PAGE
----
Rainbow over Atikokan. Photo by Mike Balkwill
At the beginning of July I spent 10 days travelling in communities between Thunder Bay and Red Lake in northwestern Ontario. I was there on the invitation of Kathy Campbell, executive director for New Starts for Women, an emergency women's shelter in Red Lake. I met with people at meetings organized by friendship centres, health centres and public health units. Here are some of the things I learned about poverty and how it's different for people living in the province's northern reaches:
Distance is measured in driving time Gull Bay, 200 kilometres north of Thunder Bay, doesn't have a grocery store. If you don't have a car you either have to pool your money or hire a cab for the two-hour trip to Thunder Bay to buy the month's worth of groceries. Round-trip cab fare is $908.
Boomtown and bust There are two classes of people in Red Lake. Those who toil in the local gold mines who can earn $150K a year (they're mostly from out of town). And the rest: people in low-wage jobs or receiving social assistance.
Fruit for thought Fruit bought from the local store must be eaten the same day because it's usually overripe by the time it even reaches the community.
Poor people face terrible choices Hydro can cost $1,000 a month, and even more in winter for poorly insulated homes with electric heat. Ontario Works will pay these electricity bills for social assistance recipients but only by reimbursement. People whose family or friends can't front the cash risk having their hydro shut off and even eviction. Others have to take out loans.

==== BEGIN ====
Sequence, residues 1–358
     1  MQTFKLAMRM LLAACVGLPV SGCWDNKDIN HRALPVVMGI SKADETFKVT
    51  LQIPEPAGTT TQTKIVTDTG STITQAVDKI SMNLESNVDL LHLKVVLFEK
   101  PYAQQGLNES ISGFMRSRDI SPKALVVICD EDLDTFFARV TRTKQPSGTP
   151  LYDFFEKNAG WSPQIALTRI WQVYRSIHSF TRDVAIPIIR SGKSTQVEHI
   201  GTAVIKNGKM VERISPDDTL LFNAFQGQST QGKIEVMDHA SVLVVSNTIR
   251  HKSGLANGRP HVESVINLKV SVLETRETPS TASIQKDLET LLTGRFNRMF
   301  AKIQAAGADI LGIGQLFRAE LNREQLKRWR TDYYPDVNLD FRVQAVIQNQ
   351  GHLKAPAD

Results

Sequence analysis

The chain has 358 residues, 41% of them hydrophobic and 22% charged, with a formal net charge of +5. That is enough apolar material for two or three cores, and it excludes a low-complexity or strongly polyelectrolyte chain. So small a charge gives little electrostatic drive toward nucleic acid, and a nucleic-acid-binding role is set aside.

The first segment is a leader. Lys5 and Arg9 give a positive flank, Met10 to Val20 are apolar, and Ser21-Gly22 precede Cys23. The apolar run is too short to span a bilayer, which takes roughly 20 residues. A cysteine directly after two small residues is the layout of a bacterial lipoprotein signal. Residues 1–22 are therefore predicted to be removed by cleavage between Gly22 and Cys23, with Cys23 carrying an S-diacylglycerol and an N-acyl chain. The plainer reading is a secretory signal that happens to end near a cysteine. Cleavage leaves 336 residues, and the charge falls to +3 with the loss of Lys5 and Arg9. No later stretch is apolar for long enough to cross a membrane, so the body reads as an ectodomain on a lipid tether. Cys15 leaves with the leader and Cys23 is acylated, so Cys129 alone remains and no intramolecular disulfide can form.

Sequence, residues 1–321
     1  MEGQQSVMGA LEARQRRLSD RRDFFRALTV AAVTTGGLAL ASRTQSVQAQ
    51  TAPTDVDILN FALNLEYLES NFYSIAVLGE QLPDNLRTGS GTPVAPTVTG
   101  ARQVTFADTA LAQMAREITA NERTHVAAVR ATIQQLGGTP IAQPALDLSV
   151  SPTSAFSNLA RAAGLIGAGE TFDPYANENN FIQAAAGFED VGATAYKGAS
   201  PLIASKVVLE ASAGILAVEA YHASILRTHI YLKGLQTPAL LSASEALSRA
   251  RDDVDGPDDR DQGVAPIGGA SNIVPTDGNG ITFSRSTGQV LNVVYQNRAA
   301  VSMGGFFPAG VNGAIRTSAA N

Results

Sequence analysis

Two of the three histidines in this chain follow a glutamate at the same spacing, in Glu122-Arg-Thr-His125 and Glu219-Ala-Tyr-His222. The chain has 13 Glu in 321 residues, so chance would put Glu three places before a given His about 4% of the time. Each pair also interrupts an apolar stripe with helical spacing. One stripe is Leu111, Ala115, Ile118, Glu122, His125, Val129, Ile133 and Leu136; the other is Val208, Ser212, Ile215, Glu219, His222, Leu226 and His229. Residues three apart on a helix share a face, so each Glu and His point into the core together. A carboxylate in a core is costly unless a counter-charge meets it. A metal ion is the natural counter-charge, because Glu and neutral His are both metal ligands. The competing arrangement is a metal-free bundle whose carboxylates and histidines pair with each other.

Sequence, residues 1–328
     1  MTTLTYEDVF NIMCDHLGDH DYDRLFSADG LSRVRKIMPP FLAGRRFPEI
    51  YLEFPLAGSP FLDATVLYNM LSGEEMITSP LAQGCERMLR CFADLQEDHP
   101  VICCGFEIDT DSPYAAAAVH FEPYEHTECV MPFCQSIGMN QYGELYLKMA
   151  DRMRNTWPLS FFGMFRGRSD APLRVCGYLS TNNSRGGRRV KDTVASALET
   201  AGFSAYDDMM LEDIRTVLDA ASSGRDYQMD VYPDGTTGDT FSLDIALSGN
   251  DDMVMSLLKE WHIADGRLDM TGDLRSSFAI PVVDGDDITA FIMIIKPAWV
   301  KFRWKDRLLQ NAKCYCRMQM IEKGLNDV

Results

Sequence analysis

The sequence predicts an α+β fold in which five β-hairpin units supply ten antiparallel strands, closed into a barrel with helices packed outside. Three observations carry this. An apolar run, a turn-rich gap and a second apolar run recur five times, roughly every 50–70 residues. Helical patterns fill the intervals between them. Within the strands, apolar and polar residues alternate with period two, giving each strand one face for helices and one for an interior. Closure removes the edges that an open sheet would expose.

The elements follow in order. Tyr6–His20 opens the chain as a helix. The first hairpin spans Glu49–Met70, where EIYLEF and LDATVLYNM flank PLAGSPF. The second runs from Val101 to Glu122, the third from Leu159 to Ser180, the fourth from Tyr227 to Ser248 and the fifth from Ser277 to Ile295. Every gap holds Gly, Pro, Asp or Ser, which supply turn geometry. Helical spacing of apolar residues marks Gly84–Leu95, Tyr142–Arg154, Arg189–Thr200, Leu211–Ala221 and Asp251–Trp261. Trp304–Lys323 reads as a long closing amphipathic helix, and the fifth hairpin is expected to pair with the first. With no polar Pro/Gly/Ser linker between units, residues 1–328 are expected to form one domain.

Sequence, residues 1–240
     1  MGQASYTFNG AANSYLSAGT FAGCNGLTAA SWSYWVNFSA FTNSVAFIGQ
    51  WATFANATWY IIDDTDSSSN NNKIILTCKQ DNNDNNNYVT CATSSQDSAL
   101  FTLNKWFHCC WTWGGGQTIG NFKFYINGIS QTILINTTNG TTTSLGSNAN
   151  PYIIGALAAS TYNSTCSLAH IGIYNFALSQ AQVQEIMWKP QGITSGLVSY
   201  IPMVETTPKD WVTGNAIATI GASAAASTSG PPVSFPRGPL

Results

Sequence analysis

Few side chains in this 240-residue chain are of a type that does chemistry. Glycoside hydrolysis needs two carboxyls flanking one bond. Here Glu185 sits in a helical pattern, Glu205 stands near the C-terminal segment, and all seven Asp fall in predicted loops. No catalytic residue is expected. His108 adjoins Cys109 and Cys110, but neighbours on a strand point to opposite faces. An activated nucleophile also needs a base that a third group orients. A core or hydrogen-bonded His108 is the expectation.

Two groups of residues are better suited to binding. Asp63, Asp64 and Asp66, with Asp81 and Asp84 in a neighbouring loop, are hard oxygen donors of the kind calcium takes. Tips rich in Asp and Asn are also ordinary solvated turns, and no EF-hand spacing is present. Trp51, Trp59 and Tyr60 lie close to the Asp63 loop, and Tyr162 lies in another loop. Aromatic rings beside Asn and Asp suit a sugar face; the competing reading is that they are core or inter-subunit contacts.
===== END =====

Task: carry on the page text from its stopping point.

If you don't have a car... The community health centre on the main highway in Ignace receives coupons for free milk from the local grocery store from time to time. But the trailer park where many of the poor live is three kilometres from the health centre. If you don't have a car, you can walk - at least during the 12 weeks of the year that Ignace enjoys good enough weather - or take a cab. Round trip fare to pick up free milk coupons: $17.50.
Food banks starved Some food banks are so starved of donations that at least in Ignace one local judge directs U.S. fishermen who break the rules to pay their fines to the food bank.
"Mom, why are we so poor?" This is the question the young son of Sasha, a woman I met in Atikokan, asked when she couldn't buy a $3 toy he wanted. Sasha's son is asking a profound question. Ontario is a prosperous province. Why are so many people poor?
Abject poverty and conspicuous summer wealth In rural Ontario, homelessness is next to invisible. Unstable housing - couch surfing, camping and sleeping in trailers or sheds in the woods - is not unusual. During summer months, when tourists flock in to enjoy the nature, many merchants raise prices leaving locals without enough money to cover the basics.
Social mobility on the outs In some communities more than one in five men leaves home to work in Alberta or Saskatchewan.
For people who need food banks, policy discussions on reducing poverty are sterile debates far removed from their realities.
In Premier Kathleen Wynne's first budget last year, the Liberals announced a $14-a-month increase in Ontario Works rates for single people. The $30-a-month increase proposed in the government's most recent budget is a pittance when you consider that under Wynne's predecessor Dalton McGuinty social assistance rates actually lost ground to inflation.
We must demand more. A good first step would be for the government to immediately raise social assistance rates and the minimum wage.
Mike Balkwill is provincial organizer for the Put Food in the Budget campaign.